This post originally appeared in The Virginia Gazette on February 19, 2019.
At his pre-election campaign rallies, President Trump promised to protect Medicare. But now, his administration quietly embraces drastic changes that could choke off seniors' access to lifesaving treatments. Consider the administration's new guidance for Medicare Advantage, which enables about 20 million Medicare beneficiaries to obtain subsidized health plans from private insurers. The guidance, which took effect in January, allows insurers to force beneficiaries to try older, low-cost medications before they can access more advanced, expensive drugs.
This callous practice, known as "step therapy," was previously prohibited in Medicare Advantage because it prevents doctors from prescribing the medicines they feel will work best for each individual. During the months that patients are forced to try older, less effective treatments, their ailments can worsen, causing immense suffering and even premature death.
Administration officials have also proposed weakening key patient protections in Medicare Part D, the popular prescription drug benefit used by 44 million Americans. Right now, all Part D plans must cover all medications in six "protected classes" of therapies: anticonvulsants (epilepsy), antidepressants (mental health), antineoplastics (cancer), antipsychotics (mental health), antiretrovirals (HIV/AIDS), and immunosuppressants (transplants).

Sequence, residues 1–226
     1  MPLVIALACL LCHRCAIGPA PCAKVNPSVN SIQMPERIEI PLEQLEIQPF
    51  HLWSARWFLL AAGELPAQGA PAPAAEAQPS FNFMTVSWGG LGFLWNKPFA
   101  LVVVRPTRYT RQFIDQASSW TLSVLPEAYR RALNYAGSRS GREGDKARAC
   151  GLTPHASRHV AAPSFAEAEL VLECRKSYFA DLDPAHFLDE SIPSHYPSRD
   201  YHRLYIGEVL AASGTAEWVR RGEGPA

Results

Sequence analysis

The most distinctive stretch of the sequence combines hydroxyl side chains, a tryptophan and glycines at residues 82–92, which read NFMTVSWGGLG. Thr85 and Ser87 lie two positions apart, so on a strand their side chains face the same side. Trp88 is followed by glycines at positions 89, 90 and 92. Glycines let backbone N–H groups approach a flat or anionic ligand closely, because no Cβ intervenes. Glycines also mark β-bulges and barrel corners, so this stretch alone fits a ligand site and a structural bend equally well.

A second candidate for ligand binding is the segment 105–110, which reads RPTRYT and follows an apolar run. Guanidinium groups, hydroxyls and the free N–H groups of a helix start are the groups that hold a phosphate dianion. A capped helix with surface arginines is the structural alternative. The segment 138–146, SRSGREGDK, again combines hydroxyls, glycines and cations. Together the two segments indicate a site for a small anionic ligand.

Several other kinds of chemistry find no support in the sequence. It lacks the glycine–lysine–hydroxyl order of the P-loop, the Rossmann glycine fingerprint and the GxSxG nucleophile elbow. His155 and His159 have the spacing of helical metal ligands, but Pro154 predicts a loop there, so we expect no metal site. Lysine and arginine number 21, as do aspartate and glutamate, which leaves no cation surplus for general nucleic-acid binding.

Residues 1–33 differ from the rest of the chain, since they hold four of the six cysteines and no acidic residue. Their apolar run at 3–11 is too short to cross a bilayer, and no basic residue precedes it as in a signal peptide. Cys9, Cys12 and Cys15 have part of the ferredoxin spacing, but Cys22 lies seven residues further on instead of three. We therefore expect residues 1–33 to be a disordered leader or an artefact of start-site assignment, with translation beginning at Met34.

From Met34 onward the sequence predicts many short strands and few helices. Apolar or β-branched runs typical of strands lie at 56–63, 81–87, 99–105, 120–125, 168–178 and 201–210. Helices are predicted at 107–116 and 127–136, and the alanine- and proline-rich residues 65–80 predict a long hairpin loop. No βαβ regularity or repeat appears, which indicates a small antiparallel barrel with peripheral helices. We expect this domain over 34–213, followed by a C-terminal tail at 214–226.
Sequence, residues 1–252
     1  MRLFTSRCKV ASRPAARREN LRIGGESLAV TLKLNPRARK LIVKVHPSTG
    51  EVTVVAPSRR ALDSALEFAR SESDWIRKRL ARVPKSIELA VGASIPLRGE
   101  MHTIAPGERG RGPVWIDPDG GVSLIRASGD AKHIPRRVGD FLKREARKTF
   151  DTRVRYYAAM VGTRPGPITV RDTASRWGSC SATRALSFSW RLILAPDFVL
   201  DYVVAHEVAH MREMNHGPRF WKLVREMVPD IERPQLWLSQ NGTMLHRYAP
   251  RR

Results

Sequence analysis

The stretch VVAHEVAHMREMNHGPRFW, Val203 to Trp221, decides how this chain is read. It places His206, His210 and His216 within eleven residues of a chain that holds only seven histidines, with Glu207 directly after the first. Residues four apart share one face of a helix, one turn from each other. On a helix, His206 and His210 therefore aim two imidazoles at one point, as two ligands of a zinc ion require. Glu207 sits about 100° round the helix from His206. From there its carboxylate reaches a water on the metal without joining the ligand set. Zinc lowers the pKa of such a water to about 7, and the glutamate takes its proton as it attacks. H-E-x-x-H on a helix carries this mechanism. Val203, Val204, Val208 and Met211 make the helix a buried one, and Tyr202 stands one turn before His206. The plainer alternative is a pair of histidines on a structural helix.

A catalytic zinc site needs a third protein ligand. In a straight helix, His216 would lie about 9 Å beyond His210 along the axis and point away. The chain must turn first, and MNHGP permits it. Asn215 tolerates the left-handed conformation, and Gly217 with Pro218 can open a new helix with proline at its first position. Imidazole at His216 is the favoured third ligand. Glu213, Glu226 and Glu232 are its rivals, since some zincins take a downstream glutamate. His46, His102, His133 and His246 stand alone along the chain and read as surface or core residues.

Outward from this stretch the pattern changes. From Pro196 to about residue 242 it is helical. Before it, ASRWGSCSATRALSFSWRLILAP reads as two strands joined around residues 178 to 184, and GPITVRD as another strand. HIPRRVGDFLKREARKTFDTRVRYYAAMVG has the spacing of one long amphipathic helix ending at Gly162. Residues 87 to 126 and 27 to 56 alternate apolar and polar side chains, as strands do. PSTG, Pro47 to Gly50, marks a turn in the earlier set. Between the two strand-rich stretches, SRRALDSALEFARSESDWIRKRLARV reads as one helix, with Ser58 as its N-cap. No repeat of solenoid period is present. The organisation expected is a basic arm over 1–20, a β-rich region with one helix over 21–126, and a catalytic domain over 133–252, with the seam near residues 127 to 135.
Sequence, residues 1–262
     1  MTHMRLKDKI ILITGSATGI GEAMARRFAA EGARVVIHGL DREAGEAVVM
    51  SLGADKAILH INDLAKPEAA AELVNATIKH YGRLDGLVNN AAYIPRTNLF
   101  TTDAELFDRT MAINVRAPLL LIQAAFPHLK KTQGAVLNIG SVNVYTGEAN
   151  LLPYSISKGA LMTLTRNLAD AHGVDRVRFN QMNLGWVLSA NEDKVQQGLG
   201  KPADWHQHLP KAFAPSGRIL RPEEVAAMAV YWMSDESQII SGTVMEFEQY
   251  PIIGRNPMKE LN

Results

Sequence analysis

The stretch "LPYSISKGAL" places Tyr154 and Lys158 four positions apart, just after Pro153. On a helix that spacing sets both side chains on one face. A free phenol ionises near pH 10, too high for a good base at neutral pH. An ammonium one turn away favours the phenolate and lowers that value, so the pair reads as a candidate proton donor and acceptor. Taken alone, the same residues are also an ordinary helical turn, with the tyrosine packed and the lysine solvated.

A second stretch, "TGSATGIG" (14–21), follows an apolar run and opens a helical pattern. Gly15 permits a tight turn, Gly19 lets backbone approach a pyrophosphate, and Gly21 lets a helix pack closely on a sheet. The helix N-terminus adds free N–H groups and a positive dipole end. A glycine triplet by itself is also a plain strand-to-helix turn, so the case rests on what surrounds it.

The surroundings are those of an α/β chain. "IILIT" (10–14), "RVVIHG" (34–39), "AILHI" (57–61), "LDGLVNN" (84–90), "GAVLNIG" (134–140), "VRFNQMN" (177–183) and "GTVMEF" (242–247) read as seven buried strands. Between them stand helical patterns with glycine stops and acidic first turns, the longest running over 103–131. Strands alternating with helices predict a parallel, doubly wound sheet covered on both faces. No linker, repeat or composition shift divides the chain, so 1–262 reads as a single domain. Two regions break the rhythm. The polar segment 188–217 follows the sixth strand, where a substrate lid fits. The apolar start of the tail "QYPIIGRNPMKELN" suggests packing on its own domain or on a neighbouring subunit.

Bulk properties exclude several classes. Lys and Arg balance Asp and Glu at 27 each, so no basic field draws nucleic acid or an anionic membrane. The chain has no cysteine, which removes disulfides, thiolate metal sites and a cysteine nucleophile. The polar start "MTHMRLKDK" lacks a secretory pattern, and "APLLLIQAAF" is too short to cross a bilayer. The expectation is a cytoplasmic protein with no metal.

When it created the Part D program more than a decade ago, Congress specifically protected these classes to ensure that seniors who battle cancer, HIV/AIDS, depression, and other serious diseases would have a full range of treatment options. It also leveled the playing field by ensuring that all the insurance companies that participated in Part D included medicines associated with expensive diseases in their formulary.
But the administration wants to allow Part D plans to stop covering some of the most critical medications in these classes. It's no surprise, then, that many of the top medical organizations in the country, including the National Kidney Foundation, the AIDS Institute, and the American Cancer Society Cancer Action Network, have lined up against this proposal.
The administration is also pursuing misguided reforms to Medicare Part B, which covers sophisticated treatments, such as gene therapies and advanced biologics, which must be administered by medical professionals in a healthcare facility. One change could slash reimbursements for some doctors who administer these treatments.
Cutting payments to doctor's offices and clinics could force many of them to stop treating Medicare patients. The last time authorities substantially cut Part B payments, fully half of community oncologists "reported sending their Medicare patients elsewhere for chemotherapy, primarily to more expensive hospital outpatient infusion centers," according to a survey conducted by the American Society of Clinical Oncology.
For more than half a century, Medicare has helped seniors access the care they need and deserve. Our government promised us that the Medicare taxes, which were deducted from our paychecks every payday, would be used to ensure we had acceptable health care when we retired. Up to this point, especially in Medicare Part B and Part D, that promise has been kept. RetireSafe believes the proposed changes described above break that promise our government made to each of us.